NEWSNEXT 2021 Conference: Industry watchers discuss brand building on news TV

The panel addressed aspects like contextual understanding of users leveraging technology, subscription models, vernacular and more

e4m by exchange4media Staff
Updated: Apr 5, 2021 8:45 AM
newsnext 2021

Brands have traditionally relied on GECs to build recall. However, this pandemic has shown that News TV is underleveraged as it can build brand recall faster and at a lower budget. But what should brands do to maximize their recall on NewsTV? What are the best practices? Keeping the relevance of this issue in mind, at exchange4media’s NEWSNEXT 2021 Conference, Political scientist, journalist and author Nalin Mehta; Group CMO, India Today Vivek Malhotra; Digital Business Leader, Co-founder Rezilient Digital and former CEO VICE India Chanpreet Arora; and Vani Gupta (Moderator)--Founder, CherryPeachPlum, Ventures came together to lead the conversation on building brands on news TV.

Malhotra spoke about the tussle between the amount of ad break time and the time given to editorial. He also discussed new models for advertisers or media agencies on the possible duration of ads, on ad placement and new ways of monetizing this added viewership. He said that reach should be the key criteria.

“The buying should move from CPRP to a cost per reach sort of thing because reach directly reflects the role that a platform plays in your life. You go to at least visit that platform once in one day. The advertisers and the agencies, and the broadcasters need to come together and say, 'Hey, why are we putting so much pressure and diluting the content and making these guys fight for that extra minute of time spent. We'd rather start compensating these people for the number of people they're reaching because finally what matters to me is the reach of my ad spot',” Malhotra contended.

Meanwhile, Mehta spoke about subscription models and possible rewiring of areas geared for a reboot. “The way we knew news so far is simply not going to work. All media companies are discovering that we have been used to commodifying news. Much of what we do is more like a digest. If you look at newspapers or magazines, people already have those on Google. So what is that special thing that you bring that people will pay for?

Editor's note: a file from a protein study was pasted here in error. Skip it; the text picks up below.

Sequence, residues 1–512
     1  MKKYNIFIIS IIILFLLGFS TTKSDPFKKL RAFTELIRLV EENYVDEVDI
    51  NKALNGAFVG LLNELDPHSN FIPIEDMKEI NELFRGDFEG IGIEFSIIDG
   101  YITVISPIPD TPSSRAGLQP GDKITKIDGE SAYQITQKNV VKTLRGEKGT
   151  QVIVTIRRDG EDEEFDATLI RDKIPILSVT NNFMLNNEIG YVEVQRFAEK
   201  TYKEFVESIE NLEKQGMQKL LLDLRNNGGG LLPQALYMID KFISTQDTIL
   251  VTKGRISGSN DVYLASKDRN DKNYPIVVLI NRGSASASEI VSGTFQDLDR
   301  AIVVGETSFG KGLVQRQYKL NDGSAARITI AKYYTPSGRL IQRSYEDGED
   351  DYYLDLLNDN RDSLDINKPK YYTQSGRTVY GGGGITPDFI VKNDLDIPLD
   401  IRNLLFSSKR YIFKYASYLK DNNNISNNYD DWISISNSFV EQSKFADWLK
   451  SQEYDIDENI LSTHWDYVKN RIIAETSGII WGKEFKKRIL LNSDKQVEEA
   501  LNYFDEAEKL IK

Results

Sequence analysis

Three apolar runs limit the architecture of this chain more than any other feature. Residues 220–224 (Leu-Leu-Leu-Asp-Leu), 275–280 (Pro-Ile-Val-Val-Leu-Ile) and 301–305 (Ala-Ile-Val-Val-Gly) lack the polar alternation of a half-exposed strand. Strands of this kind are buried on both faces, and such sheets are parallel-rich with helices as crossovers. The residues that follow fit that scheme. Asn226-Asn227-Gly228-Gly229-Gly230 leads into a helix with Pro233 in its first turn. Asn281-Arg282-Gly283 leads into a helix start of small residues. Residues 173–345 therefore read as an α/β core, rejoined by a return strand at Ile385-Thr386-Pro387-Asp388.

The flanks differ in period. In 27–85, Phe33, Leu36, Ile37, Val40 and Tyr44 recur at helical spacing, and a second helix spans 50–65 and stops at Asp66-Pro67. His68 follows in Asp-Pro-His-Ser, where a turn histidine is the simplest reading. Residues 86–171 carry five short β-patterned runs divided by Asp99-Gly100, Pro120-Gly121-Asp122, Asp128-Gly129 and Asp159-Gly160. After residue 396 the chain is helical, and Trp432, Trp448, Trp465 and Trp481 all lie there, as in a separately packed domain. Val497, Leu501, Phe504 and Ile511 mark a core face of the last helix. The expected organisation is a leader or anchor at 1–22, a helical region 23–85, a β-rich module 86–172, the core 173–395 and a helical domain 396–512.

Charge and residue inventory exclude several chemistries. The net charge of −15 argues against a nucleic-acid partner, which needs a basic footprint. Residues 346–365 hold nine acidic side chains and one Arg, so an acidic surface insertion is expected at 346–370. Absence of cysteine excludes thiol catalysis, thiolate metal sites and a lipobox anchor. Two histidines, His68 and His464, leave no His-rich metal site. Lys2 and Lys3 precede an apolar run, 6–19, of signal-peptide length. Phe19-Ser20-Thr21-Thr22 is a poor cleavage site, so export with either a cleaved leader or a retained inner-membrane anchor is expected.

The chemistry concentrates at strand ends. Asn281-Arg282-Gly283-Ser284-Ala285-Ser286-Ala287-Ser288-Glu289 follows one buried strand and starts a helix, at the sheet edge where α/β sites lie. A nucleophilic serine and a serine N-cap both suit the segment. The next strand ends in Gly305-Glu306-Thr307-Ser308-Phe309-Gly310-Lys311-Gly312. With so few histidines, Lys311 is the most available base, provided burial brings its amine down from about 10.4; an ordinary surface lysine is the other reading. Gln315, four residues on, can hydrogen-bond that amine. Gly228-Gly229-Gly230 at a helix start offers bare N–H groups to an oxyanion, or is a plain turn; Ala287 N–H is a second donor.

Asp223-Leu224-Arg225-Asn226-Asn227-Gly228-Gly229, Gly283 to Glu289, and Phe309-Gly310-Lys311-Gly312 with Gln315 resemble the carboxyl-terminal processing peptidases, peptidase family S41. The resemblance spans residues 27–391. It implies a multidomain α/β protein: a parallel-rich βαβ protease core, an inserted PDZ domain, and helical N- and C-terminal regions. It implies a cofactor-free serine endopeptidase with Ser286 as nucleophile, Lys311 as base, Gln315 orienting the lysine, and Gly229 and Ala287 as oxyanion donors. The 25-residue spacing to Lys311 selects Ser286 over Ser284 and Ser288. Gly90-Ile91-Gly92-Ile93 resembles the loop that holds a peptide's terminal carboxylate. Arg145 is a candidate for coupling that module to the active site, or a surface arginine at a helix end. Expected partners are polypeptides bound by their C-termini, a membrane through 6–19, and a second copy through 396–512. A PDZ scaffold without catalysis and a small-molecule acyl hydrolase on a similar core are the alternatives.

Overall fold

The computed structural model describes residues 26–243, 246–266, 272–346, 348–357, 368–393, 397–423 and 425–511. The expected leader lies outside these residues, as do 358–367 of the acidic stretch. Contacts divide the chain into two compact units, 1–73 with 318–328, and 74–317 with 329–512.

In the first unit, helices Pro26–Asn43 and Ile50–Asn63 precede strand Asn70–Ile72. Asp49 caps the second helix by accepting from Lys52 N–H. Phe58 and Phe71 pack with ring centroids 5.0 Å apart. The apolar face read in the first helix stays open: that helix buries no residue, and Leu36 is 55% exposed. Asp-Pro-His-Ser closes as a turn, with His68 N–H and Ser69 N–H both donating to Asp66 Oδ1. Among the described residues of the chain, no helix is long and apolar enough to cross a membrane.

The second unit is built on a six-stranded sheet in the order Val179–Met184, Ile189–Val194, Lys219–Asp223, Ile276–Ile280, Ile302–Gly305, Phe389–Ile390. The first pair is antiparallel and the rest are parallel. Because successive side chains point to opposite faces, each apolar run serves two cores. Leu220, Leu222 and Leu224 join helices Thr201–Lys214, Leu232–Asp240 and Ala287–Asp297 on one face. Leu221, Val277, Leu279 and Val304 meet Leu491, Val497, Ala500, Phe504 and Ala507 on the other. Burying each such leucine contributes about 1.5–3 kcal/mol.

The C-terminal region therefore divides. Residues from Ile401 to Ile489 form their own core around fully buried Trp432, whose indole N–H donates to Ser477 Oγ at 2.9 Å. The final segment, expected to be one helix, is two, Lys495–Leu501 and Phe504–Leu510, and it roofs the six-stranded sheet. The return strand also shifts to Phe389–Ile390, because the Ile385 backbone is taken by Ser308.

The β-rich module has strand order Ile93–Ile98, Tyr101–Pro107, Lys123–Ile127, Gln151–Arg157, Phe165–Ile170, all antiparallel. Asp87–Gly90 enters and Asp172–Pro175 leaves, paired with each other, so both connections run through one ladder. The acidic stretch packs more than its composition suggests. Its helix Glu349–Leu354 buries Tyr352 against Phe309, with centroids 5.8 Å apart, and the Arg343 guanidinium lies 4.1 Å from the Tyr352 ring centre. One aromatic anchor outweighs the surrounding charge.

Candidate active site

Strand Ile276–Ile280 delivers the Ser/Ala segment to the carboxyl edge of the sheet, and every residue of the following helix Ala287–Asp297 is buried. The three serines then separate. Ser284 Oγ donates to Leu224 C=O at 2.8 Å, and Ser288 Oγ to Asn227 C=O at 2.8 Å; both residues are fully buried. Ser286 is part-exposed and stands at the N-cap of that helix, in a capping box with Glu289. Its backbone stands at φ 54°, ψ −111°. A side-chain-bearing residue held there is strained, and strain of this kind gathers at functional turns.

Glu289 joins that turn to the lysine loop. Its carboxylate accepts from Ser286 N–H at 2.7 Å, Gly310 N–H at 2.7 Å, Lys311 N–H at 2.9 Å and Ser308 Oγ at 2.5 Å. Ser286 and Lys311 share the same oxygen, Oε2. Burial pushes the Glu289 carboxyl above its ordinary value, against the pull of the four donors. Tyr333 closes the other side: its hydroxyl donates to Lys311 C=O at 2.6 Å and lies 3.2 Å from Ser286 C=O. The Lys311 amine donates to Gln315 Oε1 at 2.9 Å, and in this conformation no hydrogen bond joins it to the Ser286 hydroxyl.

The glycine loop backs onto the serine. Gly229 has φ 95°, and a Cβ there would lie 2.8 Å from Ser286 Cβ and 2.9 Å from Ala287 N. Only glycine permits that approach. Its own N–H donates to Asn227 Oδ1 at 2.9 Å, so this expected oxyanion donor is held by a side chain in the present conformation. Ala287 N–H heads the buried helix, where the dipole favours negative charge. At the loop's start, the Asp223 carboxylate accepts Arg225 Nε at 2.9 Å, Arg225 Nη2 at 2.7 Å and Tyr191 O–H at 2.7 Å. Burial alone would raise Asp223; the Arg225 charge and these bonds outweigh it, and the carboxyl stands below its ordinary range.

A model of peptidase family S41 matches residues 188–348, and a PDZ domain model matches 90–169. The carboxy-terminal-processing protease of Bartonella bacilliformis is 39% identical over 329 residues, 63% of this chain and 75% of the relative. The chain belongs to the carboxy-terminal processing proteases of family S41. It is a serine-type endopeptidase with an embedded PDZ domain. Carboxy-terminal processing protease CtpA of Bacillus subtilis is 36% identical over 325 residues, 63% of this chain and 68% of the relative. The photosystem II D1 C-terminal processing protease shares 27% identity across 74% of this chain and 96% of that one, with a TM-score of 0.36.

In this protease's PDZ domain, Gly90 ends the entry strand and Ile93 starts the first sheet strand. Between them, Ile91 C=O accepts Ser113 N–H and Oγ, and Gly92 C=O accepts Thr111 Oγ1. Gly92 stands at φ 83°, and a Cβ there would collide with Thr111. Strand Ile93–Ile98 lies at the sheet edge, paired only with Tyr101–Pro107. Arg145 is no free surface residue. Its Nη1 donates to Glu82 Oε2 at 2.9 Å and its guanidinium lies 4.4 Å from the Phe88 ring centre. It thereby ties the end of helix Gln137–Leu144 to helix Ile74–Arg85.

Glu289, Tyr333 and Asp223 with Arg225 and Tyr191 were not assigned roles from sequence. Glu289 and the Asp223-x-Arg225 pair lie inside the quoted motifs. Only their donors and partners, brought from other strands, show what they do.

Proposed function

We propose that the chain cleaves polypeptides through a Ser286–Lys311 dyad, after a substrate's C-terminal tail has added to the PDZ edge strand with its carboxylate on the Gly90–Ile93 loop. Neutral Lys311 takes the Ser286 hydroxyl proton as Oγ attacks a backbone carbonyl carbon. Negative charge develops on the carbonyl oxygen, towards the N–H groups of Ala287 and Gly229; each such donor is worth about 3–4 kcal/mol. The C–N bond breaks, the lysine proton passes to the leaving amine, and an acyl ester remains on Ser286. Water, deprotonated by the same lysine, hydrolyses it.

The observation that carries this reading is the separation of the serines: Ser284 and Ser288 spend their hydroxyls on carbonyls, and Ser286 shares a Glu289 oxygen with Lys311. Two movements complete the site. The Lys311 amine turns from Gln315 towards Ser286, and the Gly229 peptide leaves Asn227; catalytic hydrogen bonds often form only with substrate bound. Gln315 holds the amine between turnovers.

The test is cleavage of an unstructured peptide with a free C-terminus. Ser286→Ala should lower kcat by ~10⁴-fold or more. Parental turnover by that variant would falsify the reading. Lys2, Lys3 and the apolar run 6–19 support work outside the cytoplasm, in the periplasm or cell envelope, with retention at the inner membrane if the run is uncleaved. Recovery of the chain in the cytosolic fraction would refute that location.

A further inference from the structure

"And for that, the content quality becomes very different; it means a complete rewiring of the way news is currently brought about. It’s already happened on television in ages without digital that you are operating in echo chambers," he remarked. Malhotra also noted that language plays a huge role in television consumption.

He spoke about how Covid changed the game for the news genre. "COVID brought us back to the news genre again,” he said. Malhotra asserted that another big change here for the industry has been fuelled by technology.

“Technology, which was an accessory to what most of us do, is actually now central. So we try to develop a research cell where I get what's happening on YouTube, Facebook and Twitter. And what's happening on magazine download and on TV. So by the time the TV ratings come, we are actually on a day by day, minute by minute basis, changing our opinion because we're getting information well in advance,” he shared.

Arora too observed that from a news publishers point of view, whether it was TV or print, the industry earlier didn’t know the profile of their users and how with that access, companies have the advantage to reach their viewers better. “With digital economy, the consumer is giving you a lot of information just by reading from a certain section or listening to a podcast or a video. They're telling you what they want, they're telling you what their intent is, you just need to start listening differently. And I'm not talking about whether you have logged-in user data or not,“ she hinted.

She added the biggest work that her company is doing in the space is looking at the ad tech stack of publishers, traditional publishers who moved to digital or who did not necessarily invest in understanding and listening to the data and what to do with it. “We have an opportunity where we not only can listen to data real-time but if we can really observe it over a period of time with the right amount of filters, we can create homogeneous sets of people who like scuba diving, who like train travel or just like buying makeup, whatever the category is and provide better solutions to advertisers and better solutions to their consumers,” she said.

According to Arora, contextual understanding of the user is clearly the future. “It will help us in cross-device marketing as well,” she opined.

Addressing the question of whether news as a genre has seen perpetual transformation after Covid, Mehta explained the change of context in which news is consumed. “The platforms when it comes to the genre are shifting. Media companies thought they had three to five years to shift from the old world to the new world. A while back, they thought they had that much time but COVID has compressed that into three months,” he remarked. Emphasizing how digital technology has changed the game, Mehta said,

“I think technology is now at the centre of the newsroom. The consumer is far more important to the media newsroom. Now your consumer is in your head constantly because you can track them in real-time all the time. You don't have to wait for the ratings.” 

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